Matt Flynn, lately an NFL vagabond since his record-setting outing against the Lions two years ago, was signed by the Packers after Rodgers and Seneca Wallace went down and the move looks like sheer genius right now, although most Packer fans are more of the “what took you so freakin’ long???” opinion. Flynn came in and led the Packers to 16 points in the fourth quarter to get things back to even and gave his once-and-current team a shot at victory. He didn’t set the world on fire (21-for-36, 218 yards and a TD) but he did provide the spark that started the comeback.

Speaking of sparks, you’ve got to love (LOVE!) the fire in the belly of Eddie Lacy. He ended the day on the sideline with what might have been a minor injury but he chipped in 110 yards on 25 attempts and 1 TD. More importantly, many of those runs were pounding, slamming, tumbling variety, runs that keep drives alive. If our early quarterback play had been up to snuff, Lacy’s running would have demoralized and destroyed the Queens defense, likely controlling the game all by himself.

As powerful as Lacy’s running was, he was out-shone by Adrian Peterson, who re-imposed his dominance over the Packer defense again. Peterson ran for 136 yards and a score (kind of a ho-hum day for him playing the Packers) but I’m thinking maybe it wasn’t so much about the running of Peterson as it was about the total domination by the Vikes O-line over the Packer defense. When AP needed a breather after gashing the Pack, Toby Gerhardt (8 rushes for an astounding 91 yards!) came in and made our front seven look foolish. Our inability to stop the run is directly tied to the fact that Johnny Jolly was out and it has become an all too familiar refrain during our Rodgers-less interlude.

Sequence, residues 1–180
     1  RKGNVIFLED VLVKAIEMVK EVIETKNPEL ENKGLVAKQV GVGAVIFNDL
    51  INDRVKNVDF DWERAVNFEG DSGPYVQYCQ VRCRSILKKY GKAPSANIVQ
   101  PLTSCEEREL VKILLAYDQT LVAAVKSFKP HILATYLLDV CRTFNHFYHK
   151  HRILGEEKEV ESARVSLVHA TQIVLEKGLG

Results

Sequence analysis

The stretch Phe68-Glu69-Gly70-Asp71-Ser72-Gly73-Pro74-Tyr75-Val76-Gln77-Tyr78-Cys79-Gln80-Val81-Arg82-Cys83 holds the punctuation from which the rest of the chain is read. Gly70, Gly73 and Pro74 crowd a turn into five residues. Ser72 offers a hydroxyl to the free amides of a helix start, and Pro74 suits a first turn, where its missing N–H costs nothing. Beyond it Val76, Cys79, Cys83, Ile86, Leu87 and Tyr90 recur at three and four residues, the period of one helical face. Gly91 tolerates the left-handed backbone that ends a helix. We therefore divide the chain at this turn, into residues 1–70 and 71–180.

In the passing game, our severely depleted secondary continued to underperform. Christian Ponder, one of the least capable quarterbacks in the NFL, passed for 233 yards and 1 TD. It’s often painful to watch him play but today he looked like he was much improved. Of course, with the Packers conceding just about any throw he wanted to make (love the see the Packers “passes defended” stats - probably all zeroes) it wasn’t too hard. It’s always puzzling to me while watching the Packer games how our receivers are always tightly covered and have to fight and make outstanding plays on every pass and somehow our opponents always seem to have at least one guy wide open on every pass.